Amplified Surface Temperature and Climate Change Indicators in the Arctic Amplified Surface Temperature and Climate Change Indicators in the Arctic Josefino.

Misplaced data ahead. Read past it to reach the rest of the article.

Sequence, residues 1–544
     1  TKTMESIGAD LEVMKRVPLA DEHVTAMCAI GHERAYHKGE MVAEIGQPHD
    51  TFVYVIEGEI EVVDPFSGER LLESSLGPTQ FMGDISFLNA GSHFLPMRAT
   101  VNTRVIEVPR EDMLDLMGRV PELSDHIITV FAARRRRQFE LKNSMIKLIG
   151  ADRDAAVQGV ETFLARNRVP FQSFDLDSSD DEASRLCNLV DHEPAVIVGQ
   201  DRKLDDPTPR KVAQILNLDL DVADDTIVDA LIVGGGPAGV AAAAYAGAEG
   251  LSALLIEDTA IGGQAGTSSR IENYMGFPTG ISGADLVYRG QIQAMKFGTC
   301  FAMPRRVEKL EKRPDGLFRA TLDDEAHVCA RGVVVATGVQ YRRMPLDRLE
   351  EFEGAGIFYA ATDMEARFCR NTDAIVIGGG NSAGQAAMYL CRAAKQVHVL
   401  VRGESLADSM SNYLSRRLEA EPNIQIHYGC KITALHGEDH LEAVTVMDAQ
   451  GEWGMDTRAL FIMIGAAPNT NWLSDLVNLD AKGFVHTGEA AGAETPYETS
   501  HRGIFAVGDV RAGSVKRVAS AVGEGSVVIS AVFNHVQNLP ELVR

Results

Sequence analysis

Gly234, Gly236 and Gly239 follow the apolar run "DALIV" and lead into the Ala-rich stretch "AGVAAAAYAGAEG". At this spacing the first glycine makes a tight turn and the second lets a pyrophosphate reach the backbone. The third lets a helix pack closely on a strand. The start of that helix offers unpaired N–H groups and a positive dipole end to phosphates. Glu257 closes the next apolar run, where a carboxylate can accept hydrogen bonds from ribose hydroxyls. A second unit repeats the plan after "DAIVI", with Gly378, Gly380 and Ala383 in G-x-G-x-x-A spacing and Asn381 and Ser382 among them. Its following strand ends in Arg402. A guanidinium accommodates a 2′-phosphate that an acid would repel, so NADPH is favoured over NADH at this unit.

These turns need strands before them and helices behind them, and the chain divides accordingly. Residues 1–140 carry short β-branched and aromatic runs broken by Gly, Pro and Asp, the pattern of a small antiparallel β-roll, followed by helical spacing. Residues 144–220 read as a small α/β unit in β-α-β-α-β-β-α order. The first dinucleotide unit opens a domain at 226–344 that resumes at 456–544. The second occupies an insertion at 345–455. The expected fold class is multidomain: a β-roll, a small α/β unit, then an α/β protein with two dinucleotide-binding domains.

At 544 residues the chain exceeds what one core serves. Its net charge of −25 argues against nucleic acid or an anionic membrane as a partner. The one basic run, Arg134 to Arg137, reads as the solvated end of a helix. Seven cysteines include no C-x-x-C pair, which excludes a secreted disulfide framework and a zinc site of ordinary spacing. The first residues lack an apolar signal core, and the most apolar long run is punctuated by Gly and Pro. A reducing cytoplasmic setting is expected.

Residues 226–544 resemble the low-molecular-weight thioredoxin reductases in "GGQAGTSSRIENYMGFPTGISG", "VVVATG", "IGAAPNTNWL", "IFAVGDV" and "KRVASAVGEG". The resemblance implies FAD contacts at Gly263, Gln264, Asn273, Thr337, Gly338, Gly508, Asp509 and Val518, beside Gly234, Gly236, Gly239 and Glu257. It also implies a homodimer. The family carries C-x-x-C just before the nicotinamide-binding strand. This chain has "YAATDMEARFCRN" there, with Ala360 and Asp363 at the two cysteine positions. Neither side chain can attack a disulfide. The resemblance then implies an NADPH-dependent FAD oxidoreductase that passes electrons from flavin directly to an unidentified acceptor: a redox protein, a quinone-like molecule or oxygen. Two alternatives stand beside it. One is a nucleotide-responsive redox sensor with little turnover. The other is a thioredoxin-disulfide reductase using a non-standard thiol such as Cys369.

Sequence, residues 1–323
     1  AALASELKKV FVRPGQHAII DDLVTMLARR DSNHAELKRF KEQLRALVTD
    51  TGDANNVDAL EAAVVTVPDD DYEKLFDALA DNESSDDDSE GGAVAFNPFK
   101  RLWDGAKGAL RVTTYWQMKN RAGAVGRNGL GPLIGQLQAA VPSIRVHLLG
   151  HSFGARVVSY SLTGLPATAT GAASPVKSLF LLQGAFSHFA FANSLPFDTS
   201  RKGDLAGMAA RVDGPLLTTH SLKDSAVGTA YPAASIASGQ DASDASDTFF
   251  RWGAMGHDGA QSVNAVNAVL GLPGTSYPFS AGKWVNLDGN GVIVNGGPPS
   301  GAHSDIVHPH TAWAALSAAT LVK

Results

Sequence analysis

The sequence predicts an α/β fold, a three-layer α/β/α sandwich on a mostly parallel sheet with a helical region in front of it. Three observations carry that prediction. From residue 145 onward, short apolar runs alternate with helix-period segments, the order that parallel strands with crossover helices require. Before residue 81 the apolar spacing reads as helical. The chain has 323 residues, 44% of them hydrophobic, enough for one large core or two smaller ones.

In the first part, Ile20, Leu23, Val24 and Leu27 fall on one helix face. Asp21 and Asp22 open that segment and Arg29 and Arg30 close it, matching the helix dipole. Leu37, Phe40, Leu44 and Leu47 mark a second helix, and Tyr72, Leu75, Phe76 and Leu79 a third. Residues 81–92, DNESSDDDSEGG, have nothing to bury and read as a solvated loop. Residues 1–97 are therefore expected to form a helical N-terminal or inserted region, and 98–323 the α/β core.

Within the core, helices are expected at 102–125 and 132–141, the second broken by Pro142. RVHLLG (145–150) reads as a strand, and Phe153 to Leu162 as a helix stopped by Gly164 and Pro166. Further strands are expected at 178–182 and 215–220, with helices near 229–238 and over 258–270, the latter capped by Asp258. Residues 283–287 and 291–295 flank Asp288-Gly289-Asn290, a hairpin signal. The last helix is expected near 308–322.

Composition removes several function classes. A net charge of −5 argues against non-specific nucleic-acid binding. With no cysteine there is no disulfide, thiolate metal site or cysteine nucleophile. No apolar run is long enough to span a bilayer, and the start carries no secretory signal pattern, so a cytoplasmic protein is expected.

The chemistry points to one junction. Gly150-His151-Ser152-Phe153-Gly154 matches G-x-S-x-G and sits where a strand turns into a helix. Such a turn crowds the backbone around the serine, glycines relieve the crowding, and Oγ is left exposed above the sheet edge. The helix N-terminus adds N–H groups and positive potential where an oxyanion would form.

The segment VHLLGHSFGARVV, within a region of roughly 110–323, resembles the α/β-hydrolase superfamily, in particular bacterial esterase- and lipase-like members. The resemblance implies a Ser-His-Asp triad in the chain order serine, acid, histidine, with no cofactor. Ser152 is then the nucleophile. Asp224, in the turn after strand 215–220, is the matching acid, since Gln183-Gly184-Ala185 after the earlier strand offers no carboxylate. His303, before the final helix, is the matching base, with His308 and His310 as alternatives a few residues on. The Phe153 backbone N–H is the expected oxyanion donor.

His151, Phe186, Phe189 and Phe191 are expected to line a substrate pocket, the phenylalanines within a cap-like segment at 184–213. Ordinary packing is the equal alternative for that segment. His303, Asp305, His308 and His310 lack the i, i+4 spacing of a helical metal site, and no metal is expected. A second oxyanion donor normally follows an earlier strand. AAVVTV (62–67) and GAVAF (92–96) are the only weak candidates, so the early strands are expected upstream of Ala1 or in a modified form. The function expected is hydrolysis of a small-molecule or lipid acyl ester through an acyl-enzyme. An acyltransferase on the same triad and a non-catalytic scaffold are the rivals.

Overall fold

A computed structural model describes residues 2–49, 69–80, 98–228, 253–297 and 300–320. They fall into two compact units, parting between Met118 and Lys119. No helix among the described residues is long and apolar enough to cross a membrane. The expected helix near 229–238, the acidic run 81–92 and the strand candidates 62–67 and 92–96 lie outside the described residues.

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<ul><li><p> Amplified Surface Temperature and Climate Change Indicators in the ArcticJosefino Comiso, Code 615, NASA GSFCFigure 3Figure 1: Color-coded surface temperature trends for the entire Arctic using August 1981 to November 2012 AVHRR data. The trends are predominantly positive but the values are not spatially uniform. The most positive ones are in the Barents Sea and Baffin Bay where the residence time of sea ice in these regions during the ice season have been declining in recent years and in the Central Arctic where the perennial/multiyear ice has been retreating. Slight cooling is apparent in the Bering Sea and parts of Siberia reflecting the complexity of the Arctic climate system.Figure 2: Plots of yearly averages of surface temperature and trends using linear regression analysis for the entire globe (black) and for the Arctic region (&gt;64N) using NASA/GISS [Hansen et al (2010)] (blue) and AVHRR (red) data. The 0.60C trend in Arctic temperature is 3.5 times higher than the 0.17C trend in global temperature for the same time period. Figure 3: Ice extents and trends of yearly averages of sea ice extent (purple line), seasonal ice (red), perennial ice (in blue) and multiyear ice (in green) for the 1979 to 2012 period using SMMR and SSM/I data. Seasonal ice extent is increasing because the minimum extent in the summer, representing perennial ice is declining much faster than the maximum extent in subsequent winter.</p></li><li><p>Name: Josefino C. Comiso, NASA/GSFC E-mail: josefino.c.comiso@nasa.govPhone: 301-614-5708</p><p>Abstract: The surface temperature in the Arctic increased at a rate that is 3.5 times larger than that of global temperature from 1981 to 2012. The amplified warming is manifested in many cryospheric parameters. Among the most visible is the 13.5% per decade decline in the extent of the multiyear ice cover since 1979 and the 2.1% per decade retreat of the snow cover since 1967. Moreover, the temperature of the active layer of permafrost has increased while glaciers worldwide and the Greenland ice sheet have been losing mass at the rate of 275 and 228 Giga-tons per year, respectively, in recent years. These results suggest that profound changes in the ecology, environment and climate of the Arctic are imminent. </p><p>References: Comiso, J. C. and D. K. Hall, (2014, In Press) Climate Trends in the Arctic, WIREs (Wiley Interdisciplinary Reviews) Climate Change, Advanced Review (invited).Parkinson, C. L. and J. C. Comiso (2013) On the 2012 record low Arctic sea ice cover: Combined impact of preconditioning and an August storm, Geophy. Res. Lett., 40, 1-6, doi:10.1002/grl.50349.Hall, D. K., J. C. Comiso, N. E. DiGirolamo, C. A. Shuman, J. E. Box, and L. S. Koenig (2013), Variability in the surface temperature and melt extent of the Greenland Ice Sheet from MODIS, Geophys. Res. Lett., doi:10.1002/grl.50240.</p><p>Data Sources: Surface temperature data are either from NASA/GISS or derived from NOAA/AVHRR and MODIS data. Sea ice concentration, ice extent and ice area are from brightness temperatures provided by NSIDC/Univ. of Colorado using Nimbus-7/SMMR, DMSP/SSM/I and EOS-Aqua/AMSR-E data and algorithms developed at NASA/GSFC. </p><p>Technical Description of Images:Figure 1: Color-coded surface temperature trends for the entire Arctic using August 1981 to November 2012 AVHRR data. The trend in each data element is estimated using linear regression on monthly anomalies with climatological average (i.e., average of 1981 to 2012 data) as the baseline. Data from several AVHRR sensors are used in the study and temporal consistency is achieved through the use of meteorological station and other in situ data.</p><p>Figure 2:, Plots of yearly averages of surface temperature and trends using linear regression analysis for the entire globe (black) and for the Arctic region (&gt;64N) using NASA/GISS [Hansen et al (2010)] (blue) and AVHRR (red) data. The trends and statistical errors (1 standard deviation) are indicated in the plots.</p><p>Figure 3: Ice extents and trends of yearly averages of sea ice extent (purple line), seasonal ice (red), perennial ice (in blue) and multiyear ice (in green) for the 1979 to 2012 period using SMMR and SSM/I data. Also similar plots using AMSR-E data from 2003 to 2012 (gold) are presented for perennial and multiyear ice. The perennial ice is ice that survives the summer melt and the extent is derived from the ice cover during summer minimum. Multiyear ice is ice that survives at least two summer melt periods and the extent is derived from winter data taking advantage of the large contrast in the emissivity of multiyear ice and seasonal ice. Also, seasonal ice extent is the difference of the extent during winter maximum and that of the minimum during the previous summer. The numerical value of the trends in km2 and the percentage changes per decade are indicated in the plots.</p><p>Scientific significance: The Arctic is one of the regions in our planet where strong climate change signals are observed and where large environmental and ecological changes are imminent. The surface temperature trend in the Arctic during the 1979 to 2012 period is shown to be 3.5 time that of global surface temperature trends. Such amplification of the signal is manifested in many cryospheric parameters such as the multiyear ice cover which has lost more than half its extent since 1979 when consistent and continuous satellite data became available. Snow cover in spring has been on a significant decline as well and the temperature of the active layer of the permafrost has been increasing in many areas. Significant losses in ice mass in the glaciers and on Greenland are also observed from satellite data showing consistency with the increasing rate of sea level rise.</p><p>Relevance for future science and relationship to Decadal Survey: The observed amplification of surface temperature and the changes in cryospheric parameters in the Arctic are very relevant to NASAs mission to better understand the Earths climate system and the decadal survey. It is very relevant to the ongoing Ice Bridge project and ICESat-2 satellite mission to be launched in 2017 and helps fulfill the goals of Aqua and Terra missions. Some of the changes observed in the Arctic are dramatic if not unexpected and should be monitored continuously in the future as part of the decadal survey to better understand the impacts and to obtain an improved assessment of the rates of change and their implications. </p></li><li><p>Figure 1: Observation of bioluminescence in the Indian Ocean using nighttime visible DMSP (OLS) dataFigure 2: VIIRS Day-Night band image of West Antarctic Ice Shelf (Radiances Under Full Moon-Illuminated conditions). Cloud-contaminated pixels &lt; 2% (July 3, 2012). Sea Ice: White; Polynyas (open water): Black and Gray.</p><p>Figure 3: West Antarctic Ice Shelf (Moon vs. No-Moon Composite, July 19 Aug. 20). Sea Ice: Green and Gray Pixels; Polynyas: with Radiances &lt; 10; Polynyas: with Radiances &gt; 10%:</p><p>Observations of Bioluminescence in Arctic and Antarctic Regions from VIIRS Nighttime Visible Data during the Polar WinterCo P.I.: James Foster 617, Miguel Roman 619; Co. I.: Dorothy Hall 615, Sarah Jones 674, Mark Adrian 6732011 Steven Miller</p></li><li><p>Abstract: In order to detect low level, bioluminescence of zooplankton blooms and possibly luminous bacteria in Arctic and Antarctic waters, VIIRS nighttime visible observations were made in polynyas and or other ice free areas when the Moon was completely below the horizon. The objective was to determine if we could detect these blooms, map their distributions and determine their longevity and frequency.</p><p>References: Foster, J. and D. Hall (1991):Observations of snow and ice features during the polar winter using moonlight as a source of illumination, Remote Sens. of Environ., 37, 74-78.</p><p>Miller, S., S. Haddock, C. Elvidge, and T. Lee (2005): Detection of a bioluminescent milky sea from space. Proceedings of the National Academy of Sciences, USA, 102:14181-14184.</p><p>Roman, M. (2013): Overview of VIIRS Land products. AGU Proceedings, San Francisco, CA.</p><p>Data Sources: Day/Night Band (DNB) on the Visible/Infrared Imager/Radiometer Suite (VIIRS) onboard Suomi-NPP and JPSS satellites </p><p>Technical Description of Figures:Figure 1: DMSP nighttime visible image showing validated bioluminescence in the Indian Ocean</p><p>Figure 2: VIIRS Day-Night band image of West Antarctic Ice Shelf illuminated by the full Moon on July 3, 2012. This is a nighttime visible image illumination is provided only by moonlight. July is polar winter in Antarctica the Sun is always below the horizon.</p><p>Figure 3: VIIRS view of West Antarctic Ice Shelf. This Moon vs. No-Moon Composite utilizes images acquired over the course of a complete lunar cycle, from July 19, 2012 through August 20, 2012. Based on an algorithm we developed to filter extraneous light, the brightness of the open water areas is not caused by aurora artifacts or by clouds. The magenta colors may be bioluminescence, but the presence of bioluminescent blooms here has not yet been confirmed.</p><p>Scientific Significance: Our team was one of the first to use the VIIRS Day/Night band for research purposes. The greater sensitivity and radiometric resolution of the VIIRS DNB compared to the OLS resulted in greater detection of auroras and clouds, which makes detection and observation of bioluminescence more challenging. An aurora detection protocol was developed to ensure that these high altitude light sources were not confused with ocean bioluminescence.</p><p>Relevance for future science and relationship to Decadal Survey: This work has utility in improving estimates of biomass in polar regions and in helping to gain insight regarding the formation, longevity and frequency of these enigmatic blooms. </p><p>Name: James Foster, Code 617, NASA/GSFC E-mail: james.l.foster@nasa.govPhone: 301-614-5769</p><p>**"Bacteria are not luminous until they have reached sufficiently high concentrations to initiate quorum sensing (Waters and Bassler 2005, Nealson and Hasting 2006) and once induced, they glow continuously in the presence of oxygen rather than producing discrete flashes.</p><p>*</p></li></ul>